Joint operation secures north-west ports

This is a joint media release with the Australian Federal Police and the Western Australian Police

A joint law enforcement operation to disrupt and deter criminality at the waterfront has just been completed in north-west WA, including at the country’s biggest export port.

Federal and state officers conducted enhanced patrols of the Ports of Dampier and Port Hedland between 30 January and 3 February.

The high visibility operation, which was led by the Australian Border Force (ABF) in conjunction with Western Australia Police and the Australian Federal Police (AFP), sends a strong warning to people who attempt to use Australia’s ports for criminal gain.

ABF Regional Commander Western Australia Rod O’Donnell said the week-long operation highlighted the strong working relationship with the ABF’s partner agencies to target serious and organised crime at the Australian border.

“The ABF recognises the important role it plays in contributing to a waterfront environment secure against the threat of criminal infiltration and activity, and we are continually working with our partners to identify, disrupt and deter criminality at the waterfront and in the cargo supply chain,” Regional Commander O’Donnell said.

The operation overtly targeted international and domestic vessels and crew, as well as recreational fishing vessels at both Port Hedland (Australia’s biggest export port) and the Port of Dampier.

Sixty-six Maritime Security Identification Card and personal IDs were checked and recorded, 31 international crew were checked before they took shore leave and four vessels were boarded for compliance checks.

“The operation ran smoothly and it’s pleasing on this occasion everything checked out,” Regional Commander O’Donnell said. “The ABF and its partners will continue to conduct operations such as these on the waterfront to protect the Australian community from criminal activity.”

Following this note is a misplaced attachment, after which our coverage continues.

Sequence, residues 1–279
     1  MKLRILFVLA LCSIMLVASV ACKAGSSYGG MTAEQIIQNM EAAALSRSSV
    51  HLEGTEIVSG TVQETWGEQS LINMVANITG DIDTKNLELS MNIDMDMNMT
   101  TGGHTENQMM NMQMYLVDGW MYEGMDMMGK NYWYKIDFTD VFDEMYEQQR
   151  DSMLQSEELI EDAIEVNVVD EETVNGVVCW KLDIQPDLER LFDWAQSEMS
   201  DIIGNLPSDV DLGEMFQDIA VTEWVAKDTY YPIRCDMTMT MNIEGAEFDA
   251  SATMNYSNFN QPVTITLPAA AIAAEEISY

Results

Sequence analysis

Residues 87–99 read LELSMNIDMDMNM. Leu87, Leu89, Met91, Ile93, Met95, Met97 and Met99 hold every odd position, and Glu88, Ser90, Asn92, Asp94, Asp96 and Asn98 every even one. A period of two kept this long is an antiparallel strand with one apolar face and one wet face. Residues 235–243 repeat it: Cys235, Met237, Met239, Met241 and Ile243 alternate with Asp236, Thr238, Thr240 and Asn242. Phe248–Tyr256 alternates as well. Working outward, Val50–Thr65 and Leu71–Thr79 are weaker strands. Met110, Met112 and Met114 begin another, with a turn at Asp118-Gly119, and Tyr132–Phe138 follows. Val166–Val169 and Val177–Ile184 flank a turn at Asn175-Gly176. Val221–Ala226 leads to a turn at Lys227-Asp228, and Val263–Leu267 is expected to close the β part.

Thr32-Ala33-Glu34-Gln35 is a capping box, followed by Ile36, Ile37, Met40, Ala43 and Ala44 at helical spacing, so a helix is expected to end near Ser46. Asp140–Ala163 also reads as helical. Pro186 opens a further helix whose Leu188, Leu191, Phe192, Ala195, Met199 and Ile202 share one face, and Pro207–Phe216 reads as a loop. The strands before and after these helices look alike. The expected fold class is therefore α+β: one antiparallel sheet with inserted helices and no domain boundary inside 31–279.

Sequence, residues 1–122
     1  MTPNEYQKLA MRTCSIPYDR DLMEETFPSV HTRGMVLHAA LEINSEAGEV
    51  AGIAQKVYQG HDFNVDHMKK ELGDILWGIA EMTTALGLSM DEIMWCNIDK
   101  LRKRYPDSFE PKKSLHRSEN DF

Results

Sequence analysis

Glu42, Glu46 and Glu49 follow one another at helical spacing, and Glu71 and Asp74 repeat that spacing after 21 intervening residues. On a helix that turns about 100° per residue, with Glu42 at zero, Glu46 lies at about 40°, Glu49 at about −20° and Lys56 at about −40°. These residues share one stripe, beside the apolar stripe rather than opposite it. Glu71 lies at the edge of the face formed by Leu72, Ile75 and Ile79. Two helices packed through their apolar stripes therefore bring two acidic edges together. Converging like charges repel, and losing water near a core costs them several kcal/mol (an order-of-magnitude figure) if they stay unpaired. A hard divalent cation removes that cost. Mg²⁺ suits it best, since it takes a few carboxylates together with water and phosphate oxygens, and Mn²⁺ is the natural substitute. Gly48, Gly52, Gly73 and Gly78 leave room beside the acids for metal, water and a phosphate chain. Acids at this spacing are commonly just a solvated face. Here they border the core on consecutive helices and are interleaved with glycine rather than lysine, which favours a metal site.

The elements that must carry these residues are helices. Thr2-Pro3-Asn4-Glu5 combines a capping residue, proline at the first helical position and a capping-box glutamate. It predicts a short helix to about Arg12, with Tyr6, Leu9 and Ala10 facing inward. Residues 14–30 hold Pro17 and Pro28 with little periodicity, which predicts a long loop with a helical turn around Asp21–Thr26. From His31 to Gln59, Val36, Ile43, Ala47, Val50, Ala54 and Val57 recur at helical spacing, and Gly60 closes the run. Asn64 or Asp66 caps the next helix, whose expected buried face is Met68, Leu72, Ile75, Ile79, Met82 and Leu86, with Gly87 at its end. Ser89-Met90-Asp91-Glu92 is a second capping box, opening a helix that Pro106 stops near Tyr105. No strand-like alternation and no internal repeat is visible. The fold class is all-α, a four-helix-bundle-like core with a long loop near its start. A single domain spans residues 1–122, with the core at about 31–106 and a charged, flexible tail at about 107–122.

WA Police State Crime Commander Pryce Scanlan said WA Police worked closely with the ABF and other law enforcement agencies to prevent illicit contraband from reaching our community and to put offenders before the courts.

AFP Commander Chris McDevitt, Manager Crime Operations said that while criminals continue to use new methods to import illicit substances through the maritime environment, law enforcement agencies remain committed to staying one step ahead of their activities.

“The level of cooperation between Australia’s law enforcement agencies has never been higher,” Commander McDevitt said. “The AFP will continue to work with both its domestic and international law enforcement partners to ensure those looking to bring harmful drugs into the Australian community are brought to justice.”

Media contacts:

Department of Immigration and Border Protection (02) 6264 2244

Western Australia Police (08) 9222 1011

Australian Federal Police (02) 6131 6333

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